Die in Paris: The true story of France’s most notorious serial killer by Marilyn Z. Tomlins
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Overview: Marcel Petiot, France’s most famous serial killer
Marilyn Z. Tomlins has crafted an enthralling and suspenseful page-turner about one of history’s most fascinating and notorious serial killers. This grisly World War Two era thriller will have you teetering on a slippery edge from beginning to end.
Don Fulsom, veteran UPI and VOA White House correspondent, Washington, D.C. reporter, author of the bestseller Nixon’s Darkest Secrets: The Inside Story of America’s Most Troubled President, and a professor of government at American University in Washington.
With style, Marilyn Z. Tomlins’ Die in Paris, tells the incredible story of France’s most prolific murderer. Readers will discover a truly psychotic serial killer.
J. Patrick O’Connor, author of the bestsellers The Framing of Mumia Abu-Jamal and of Scapegoat: The Chino Hills Murder and the Framing of Kevin Cooper, and the creator and editor.
A spring night in Paris. The most beautiful city in the world is dark and silent. Uncertainty devils the air. As does normality: war time normality. The Nazis’ Swastika flutters from the Eiffel Tower. The Parisians are huddled indoors.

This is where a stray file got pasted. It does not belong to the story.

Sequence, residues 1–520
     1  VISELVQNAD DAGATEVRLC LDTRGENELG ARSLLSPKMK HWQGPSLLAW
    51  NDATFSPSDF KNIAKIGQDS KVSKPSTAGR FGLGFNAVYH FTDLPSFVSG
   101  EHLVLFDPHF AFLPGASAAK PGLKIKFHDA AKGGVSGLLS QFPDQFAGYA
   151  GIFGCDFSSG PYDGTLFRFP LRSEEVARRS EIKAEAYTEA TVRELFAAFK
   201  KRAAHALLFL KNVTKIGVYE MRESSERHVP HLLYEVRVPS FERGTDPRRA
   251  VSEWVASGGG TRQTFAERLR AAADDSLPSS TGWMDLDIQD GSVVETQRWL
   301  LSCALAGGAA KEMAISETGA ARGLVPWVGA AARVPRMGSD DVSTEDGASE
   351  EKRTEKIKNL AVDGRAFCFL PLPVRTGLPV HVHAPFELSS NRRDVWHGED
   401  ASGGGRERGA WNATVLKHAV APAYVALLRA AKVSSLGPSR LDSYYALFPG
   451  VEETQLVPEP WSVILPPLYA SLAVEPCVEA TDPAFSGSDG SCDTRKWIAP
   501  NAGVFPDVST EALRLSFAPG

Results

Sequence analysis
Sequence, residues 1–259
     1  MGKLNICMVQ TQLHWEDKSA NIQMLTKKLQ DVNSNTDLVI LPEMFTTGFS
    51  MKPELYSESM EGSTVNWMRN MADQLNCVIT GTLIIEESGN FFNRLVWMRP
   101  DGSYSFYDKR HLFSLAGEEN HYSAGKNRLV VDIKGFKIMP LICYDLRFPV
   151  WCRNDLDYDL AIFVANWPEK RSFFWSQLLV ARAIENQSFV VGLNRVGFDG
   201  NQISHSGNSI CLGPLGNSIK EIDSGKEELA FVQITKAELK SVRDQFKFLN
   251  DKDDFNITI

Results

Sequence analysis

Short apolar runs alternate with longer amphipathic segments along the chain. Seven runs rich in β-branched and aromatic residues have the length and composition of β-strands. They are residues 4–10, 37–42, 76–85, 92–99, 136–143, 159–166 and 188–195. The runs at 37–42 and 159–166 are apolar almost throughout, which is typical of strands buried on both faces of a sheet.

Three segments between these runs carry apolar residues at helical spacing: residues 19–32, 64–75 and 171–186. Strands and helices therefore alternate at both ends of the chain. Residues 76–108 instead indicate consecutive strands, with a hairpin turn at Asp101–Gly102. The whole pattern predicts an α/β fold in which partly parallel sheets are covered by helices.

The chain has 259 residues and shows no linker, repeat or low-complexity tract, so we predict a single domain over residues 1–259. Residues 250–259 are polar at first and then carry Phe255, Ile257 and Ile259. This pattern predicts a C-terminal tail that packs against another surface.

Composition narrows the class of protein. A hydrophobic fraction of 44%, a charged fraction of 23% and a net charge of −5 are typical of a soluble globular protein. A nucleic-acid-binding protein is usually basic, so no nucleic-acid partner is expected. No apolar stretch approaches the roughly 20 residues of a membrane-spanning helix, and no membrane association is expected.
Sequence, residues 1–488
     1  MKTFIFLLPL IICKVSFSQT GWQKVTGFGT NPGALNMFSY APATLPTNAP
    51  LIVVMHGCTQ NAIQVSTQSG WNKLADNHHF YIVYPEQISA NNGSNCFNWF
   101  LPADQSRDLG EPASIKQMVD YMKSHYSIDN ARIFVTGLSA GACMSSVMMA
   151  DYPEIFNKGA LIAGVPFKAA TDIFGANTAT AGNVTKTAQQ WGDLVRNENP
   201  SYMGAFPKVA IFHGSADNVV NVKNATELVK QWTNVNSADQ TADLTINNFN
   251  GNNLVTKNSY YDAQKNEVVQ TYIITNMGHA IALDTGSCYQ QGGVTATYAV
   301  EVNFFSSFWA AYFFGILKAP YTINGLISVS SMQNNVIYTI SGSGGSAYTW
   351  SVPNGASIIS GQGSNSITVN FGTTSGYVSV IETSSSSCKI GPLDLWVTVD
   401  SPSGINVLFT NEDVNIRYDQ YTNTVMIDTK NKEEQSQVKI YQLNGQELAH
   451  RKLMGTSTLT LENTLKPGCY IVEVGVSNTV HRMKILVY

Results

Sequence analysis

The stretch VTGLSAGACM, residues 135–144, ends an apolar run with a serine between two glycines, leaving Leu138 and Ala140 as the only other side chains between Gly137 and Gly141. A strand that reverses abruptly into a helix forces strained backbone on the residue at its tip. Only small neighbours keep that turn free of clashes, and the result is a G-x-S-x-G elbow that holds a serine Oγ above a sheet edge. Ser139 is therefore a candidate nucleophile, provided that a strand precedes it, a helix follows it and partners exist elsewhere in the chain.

Suddenly the night’s stillness is shattered by sirens and excited voices. For days foul smoke has been pouring from the chimney of an uninhabited house close to the Avenue des Champs-Elysées. Police and firefighters are racing to the house to break down the bolted door. They make a spine-chilling discovery. The remains of countless human beings are being incinerated in a furnace in the basement. In a pit in an outhouse quicklime consumes still more bodies.
Neighbors say they hear banging, pleading, sobbing and cries for help come from inside the house deep at night. They say a shabbily-dressed man on a green bicycle pulling a cart behind him comes to the house, always at dawn, or dusk.
The house belongs to Dr Marcel Petiot – a good-looking, charming, caring, family physician who lives elsewhere in the city with his wife and teenage son.
Is he the shabbily-dressed man on the green bicycle?
If so, what has he to say about the bodies?
Genre: Non Fiction Biography True Crime